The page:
Published: August 12 5:55 p.m. Update: 9:03 p.m. CEST
Latest update: August 13 6:05 p.m. CEST
Heather D. Heyer was killed on Saturday when a car crashed into walking protesters at 4th and Water Streets downtown.
A day after a melee in Charlottesville atmosphere in the city calms. A journalist for the Charlottesville Tomorrow, Sean Tubbs tweets picture from the Mall, saying, “it is almost as nothing happened.” But, hours latter the same street was a ground of bigger incidents during Saturday’s rally and counter protest in the city.
The day with violence in Charlottesville ended with three people dead and many injured. Politically, comments of the U.S. President Donald Trump sparked national debate and provoked numbers of social media reactions all over the country, not only in Virginia.
Sadly, political turbulence in this quiet Virginia city erupted yesterday and brought state wide and national attention of the media. Several years after Ferguson when riot police confronted protesters, the police intervention to stop disturbances in Charlottesville ended in vain.
A dark grey 2010 Dodge Challenger driven by James Alex Fields Jr. plowed into protesting crowd, but police arrested him on Monticello Avenue and later charged with one count of second-degree murder, three counts of malicious wounding and one count of hit-and-run, the Daily Progress explains.
On Sunday, authorities identified that a victim, who was pronounced dead by the University of Virginia Medical Center is 32-year-old Heather D. Heyer of Charlottesville. Heyer was killed on Saturday when a car crashed into walking protesters at 4th and Water Streets downtown.
Daily Progress reported that rally organizer Jason Kesslers said in an interview with The Associated Press on Saturday evening that driving a car into a group of counter-protesters was “the wrong thing.”
Heyer was not only fatality in yesterday’s protests and counter protests in Charlottesville. A helicopter that was overflying the area for public safety reasons crashed near Birdwood Golf Course in Albemarle County. Two state troopers died.
“The pilot, Lt. H. Jay Cullen, 48, of Midlothian, and Trooper-Pilot Berke M.M. Bates, of Quinton, died at the scene,” the Daily Progress reported. At least 35 people received medical help.
One died and 19 are injured after a car plows into a group of protesters in Charlottesville, Virginia, the Associated Press cites hospital officials. A driver of the car who plowed into the crowd is in custody, the AP reports.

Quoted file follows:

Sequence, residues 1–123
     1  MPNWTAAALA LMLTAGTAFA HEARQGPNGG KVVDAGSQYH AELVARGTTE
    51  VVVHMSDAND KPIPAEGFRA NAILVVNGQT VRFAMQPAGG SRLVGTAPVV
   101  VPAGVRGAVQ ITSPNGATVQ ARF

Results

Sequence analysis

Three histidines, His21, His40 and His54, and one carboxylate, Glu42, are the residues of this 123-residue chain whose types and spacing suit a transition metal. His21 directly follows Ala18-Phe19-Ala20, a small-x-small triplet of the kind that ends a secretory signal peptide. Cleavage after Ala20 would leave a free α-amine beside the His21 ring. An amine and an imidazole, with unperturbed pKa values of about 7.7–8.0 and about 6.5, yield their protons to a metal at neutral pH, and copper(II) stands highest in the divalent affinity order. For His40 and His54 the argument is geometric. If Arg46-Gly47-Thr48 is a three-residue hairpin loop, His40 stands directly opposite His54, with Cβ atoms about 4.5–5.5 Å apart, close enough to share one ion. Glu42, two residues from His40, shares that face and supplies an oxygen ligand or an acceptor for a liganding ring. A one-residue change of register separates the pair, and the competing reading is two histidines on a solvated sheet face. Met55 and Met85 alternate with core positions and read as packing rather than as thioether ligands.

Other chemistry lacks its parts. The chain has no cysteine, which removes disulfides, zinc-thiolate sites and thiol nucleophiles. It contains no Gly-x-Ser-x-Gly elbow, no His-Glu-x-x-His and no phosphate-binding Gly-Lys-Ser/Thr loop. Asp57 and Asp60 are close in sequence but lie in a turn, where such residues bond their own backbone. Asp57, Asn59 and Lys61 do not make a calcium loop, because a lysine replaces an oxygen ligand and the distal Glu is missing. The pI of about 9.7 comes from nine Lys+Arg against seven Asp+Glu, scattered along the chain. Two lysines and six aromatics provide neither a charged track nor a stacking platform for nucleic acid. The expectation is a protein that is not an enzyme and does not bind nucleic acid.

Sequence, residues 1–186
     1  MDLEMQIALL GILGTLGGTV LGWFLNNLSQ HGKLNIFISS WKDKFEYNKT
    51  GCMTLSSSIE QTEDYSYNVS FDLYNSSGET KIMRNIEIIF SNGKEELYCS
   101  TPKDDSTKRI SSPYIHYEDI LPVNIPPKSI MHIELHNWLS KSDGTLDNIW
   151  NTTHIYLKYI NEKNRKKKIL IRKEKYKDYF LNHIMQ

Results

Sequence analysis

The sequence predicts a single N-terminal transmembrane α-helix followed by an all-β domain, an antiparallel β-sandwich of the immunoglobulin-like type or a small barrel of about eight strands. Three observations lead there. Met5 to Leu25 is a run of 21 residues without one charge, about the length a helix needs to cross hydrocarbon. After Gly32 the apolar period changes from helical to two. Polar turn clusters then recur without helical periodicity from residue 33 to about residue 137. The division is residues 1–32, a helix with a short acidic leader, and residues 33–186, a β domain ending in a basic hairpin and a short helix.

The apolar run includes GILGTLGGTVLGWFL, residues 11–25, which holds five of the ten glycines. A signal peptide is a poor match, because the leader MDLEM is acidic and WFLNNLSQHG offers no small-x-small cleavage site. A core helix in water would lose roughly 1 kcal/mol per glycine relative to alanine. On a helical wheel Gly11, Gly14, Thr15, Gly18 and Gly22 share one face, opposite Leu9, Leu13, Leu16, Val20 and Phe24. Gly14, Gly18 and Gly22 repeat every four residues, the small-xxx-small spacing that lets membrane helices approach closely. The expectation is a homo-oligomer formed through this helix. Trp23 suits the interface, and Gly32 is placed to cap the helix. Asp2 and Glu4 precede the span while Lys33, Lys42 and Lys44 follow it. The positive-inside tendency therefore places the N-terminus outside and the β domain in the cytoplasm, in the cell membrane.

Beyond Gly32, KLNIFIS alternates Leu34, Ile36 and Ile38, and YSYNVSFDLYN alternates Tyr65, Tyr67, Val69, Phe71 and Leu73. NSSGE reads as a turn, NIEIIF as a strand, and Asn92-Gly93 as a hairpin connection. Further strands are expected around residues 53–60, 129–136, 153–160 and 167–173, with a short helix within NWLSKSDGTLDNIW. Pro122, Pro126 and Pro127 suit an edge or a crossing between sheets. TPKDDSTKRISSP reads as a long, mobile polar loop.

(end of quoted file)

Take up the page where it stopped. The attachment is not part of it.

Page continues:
Brawls continue between protesters and counter-protesters. Videos available on Twitter shows people screaming after a car plows into a walking crowd. People screamed for emergency services and it was not immediately clear about the number of injured.
The U.S. President Donald Trump condemned the violence that is happening in Charlottesville, Virginia. Trump condemned, “this egregious display of hatred, bigotry and violence on many sides,” shortly after unconfirmed information about dead person during protest and counter-protests in Charlottesville. Trump spoke with Governor of Virginia, Terry McAuliffe. Earlier, Trump tweeted, “there is no place for this kind of violence in America.’
First lady Melania Trump joined the president, saying that “no good comes from violence.”
“Our country encourages freedom of speech, but let’s communicate w/o hate in our hearts,” the first lady said.
The Associated Press reports, “Hundreds of people chanted, threw punches, hurled water bottles and unleashed chemical sprays on each other Saturday after violence erupted at a white nationalist rally in Virginia. At least one person was arrested.”
The city of Charlottesville and Albermarle County declared a local emergency before the official start of the “Unite the Right” rally scheduled at noon, the Daily Progress writes. Police in the city said the declaration allows request of additional resources to handle possible difficulties.
Two people are injured after an altercation close to the Emancipation Park at about 10:30 a.m. local time. Police estimated “2,000 to 6,000 people would attend the gathering of white nationalists, neo-Nazis, alt-right activists and pro-Confederacy groups. Thousands more counter-protesters were also anticipated,” the USA Today writes. Virginia Governor Terry McAuliffe put the Virginia National Guard on standby.
A crowd of Tiki torch-bearing white nationalists surround a small group of counter-protesters at the base of a statue of Thomas Jefferson at the University of Virginia campus in #Charlottesville, Va. The Friday night march came ahead of a larger planned rally in the progressive college town on Saturday, which thousands of white nationalists are expected to attend. Stay tuned to CNN correspondent @kayleecnn's Instagram Story for more. (Photo by Zach D Roberts/NurPhoto via Getty Images)